Guess what everyone, we made it! I extend my congratulations to the seniors on completing their particularly courageous time in high school, and to their tutors and staff who made this victory possible. No matter how long or treacherous your route, our journey through life’s last and most intimidating obstacle course is over.
Final? Yes, definitive. While our high school journeys presented some unique hurdles or accolades, we’ve come to the same end point here: graduation.
But unlike an obstacle course with a definitive conclusion, life in the afterlife is not an obstacle course, but an open world sandbox game filled with endless paths, multiple roads and of a myriad of purposes.
Now, graduating from high school is no small feat, passing the tests and quizzes was worth it and difficult. However, after high school, life decisions are less about taking the right path to overcome set obstacles towards a set goal, but about choosing a right path through a nebulous and vibrant future.
The tutorial, our unique unified questline, is complete. Finally, given the freedom to explore the many levels and stages of life at our leisure, we find our own way forward and in doing so we evolve from a player of the game to an artist, able to forge a unique path. for the future.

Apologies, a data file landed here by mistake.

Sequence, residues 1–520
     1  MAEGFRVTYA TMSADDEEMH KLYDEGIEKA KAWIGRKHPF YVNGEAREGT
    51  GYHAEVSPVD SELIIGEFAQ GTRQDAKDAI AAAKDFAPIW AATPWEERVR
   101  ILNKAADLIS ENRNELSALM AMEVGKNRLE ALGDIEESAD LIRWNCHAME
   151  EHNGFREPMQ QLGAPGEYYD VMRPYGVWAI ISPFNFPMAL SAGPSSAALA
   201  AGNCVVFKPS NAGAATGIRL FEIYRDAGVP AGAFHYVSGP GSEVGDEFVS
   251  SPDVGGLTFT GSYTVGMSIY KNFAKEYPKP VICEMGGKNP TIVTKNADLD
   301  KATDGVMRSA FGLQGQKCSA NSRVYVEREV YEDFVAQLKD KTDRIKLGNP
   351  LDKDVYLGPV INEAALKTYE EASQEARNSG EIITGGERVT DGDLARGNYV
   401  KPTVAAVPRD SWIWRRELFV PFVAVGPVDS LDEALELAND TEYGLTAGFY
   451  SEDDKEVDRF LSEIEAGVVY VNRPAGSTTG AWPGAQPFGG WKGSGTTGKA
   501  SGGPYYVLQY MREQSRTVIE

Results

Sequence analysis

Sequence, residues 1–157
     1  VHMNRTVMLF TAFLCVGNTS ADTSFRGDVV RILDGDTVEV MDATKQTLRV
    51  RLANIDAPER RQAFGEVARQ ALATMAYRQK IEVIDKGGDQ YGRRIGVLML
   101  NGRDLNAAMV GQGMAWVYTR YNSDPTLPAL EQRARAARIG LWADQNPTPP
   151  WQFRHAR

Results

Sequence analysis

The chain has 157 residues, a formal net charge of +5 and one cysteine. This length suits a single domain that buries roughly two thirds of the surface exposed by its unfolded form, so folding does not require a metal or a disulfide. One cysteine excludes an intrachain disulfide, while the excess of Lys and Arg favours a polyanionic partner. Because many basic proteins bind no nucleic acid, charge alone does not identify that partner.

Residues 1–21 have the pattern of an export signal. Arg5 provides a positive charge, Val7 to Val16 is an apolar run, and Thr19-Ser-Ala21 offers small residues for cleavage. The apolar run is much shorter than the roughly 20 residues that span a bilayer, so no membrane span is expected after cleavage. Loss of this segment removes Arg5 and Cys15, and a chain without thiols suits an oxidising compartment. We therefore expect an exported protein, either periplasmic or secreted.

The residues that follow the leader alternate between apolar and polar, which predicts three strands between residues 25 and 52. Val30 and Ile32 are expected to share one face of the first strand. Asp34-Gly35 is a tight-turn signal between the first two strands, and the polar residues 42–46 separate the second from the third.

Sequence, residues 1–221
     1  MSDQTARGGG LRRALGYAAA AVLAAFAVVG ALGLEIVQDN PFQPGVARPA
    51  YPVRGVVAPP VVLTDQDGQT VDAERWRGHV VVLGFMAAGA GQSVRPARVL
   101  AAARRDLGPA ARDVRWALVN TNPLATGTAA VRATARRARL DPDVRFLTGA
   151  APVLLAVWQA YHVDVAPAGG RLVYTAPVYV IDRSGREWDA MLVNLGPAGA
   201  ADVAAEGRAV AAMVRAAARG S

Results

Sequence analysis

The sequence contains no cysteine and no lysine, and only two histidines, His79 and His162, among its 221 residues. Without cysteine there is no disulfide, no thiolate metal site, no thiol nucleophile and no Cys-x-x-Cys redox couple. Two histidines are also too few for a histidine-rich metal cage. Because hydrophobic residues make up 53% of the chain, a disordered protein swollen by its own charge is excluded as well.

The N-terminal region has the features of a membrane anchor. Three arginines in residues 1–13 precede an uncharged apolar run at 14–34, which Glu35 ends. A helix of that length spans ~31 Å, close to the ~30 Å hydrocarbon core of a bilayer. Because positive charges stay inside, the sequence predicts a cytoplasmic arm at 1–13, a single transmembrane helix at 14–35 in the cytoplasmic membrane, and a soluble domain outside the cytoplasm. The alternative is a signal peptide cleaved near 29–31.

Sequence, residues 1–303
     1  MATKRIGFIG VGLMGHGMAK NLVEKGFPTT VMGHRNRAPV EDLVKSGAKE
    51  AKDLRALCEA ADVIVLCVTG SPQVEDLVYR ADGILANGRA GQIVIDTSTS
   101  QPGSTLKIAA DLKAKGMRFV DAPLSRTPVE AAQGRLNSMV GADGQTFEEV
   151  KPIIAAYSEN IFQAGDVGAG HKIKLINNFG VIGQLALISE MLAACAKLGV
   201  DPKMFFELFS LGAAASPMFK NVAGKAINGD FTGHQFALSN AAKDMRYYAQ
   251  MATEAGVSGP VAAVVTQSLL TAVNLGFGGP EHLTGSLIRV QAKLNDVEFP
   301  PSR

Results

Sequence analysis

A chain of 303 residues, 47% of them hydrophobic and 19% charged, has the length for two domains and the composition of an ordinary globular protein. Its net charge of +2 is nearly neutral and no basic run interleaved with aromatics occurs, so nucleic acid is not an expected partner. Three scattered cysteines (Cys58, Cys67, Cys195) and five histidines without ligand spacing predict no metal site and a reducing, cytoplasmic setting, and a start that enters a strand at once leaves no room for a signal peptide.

Progress will no longer be quantifiable or definable in simple quizzes and tests, choosing to study or drop out, but instead we will face life-changing decisions, like choosing colleges and careers, where to recognize the best answer. , if any, is almost impossible.
As a valedictorian, the master of choosing the “correct” path to high school, without having a clear path to follow, I argue, is a much more terrifying dilemma.
Choosing complacency over initiative and missing out on life-changing opportunities will be enticing. There is no deadline for deciding post-secondary plans and living a fulfilling life. But we cannot find more fame and fortune in the game of life unless we have the courage to plunge into unknown and frightening territories.
And although we come back empty-handed, our trips have become our own reward. It’s definitely better than not venturing out at all. I leave the wise advice my math teacher gave me before I left high school to everyone: “Make decisions. »Spending his life curling up on the risks and consequences
Spending your life curling up on the risks and consequences is to miss the point. The goal is not to achieve a perfect life, but to aspire to live a life that you can be proud of.
Don’t just stumble upon the breaking wave of life, but have the courage to ride it all the way to shore.
Or not. I am not your mother. And even if I was, your life is yours. Farewell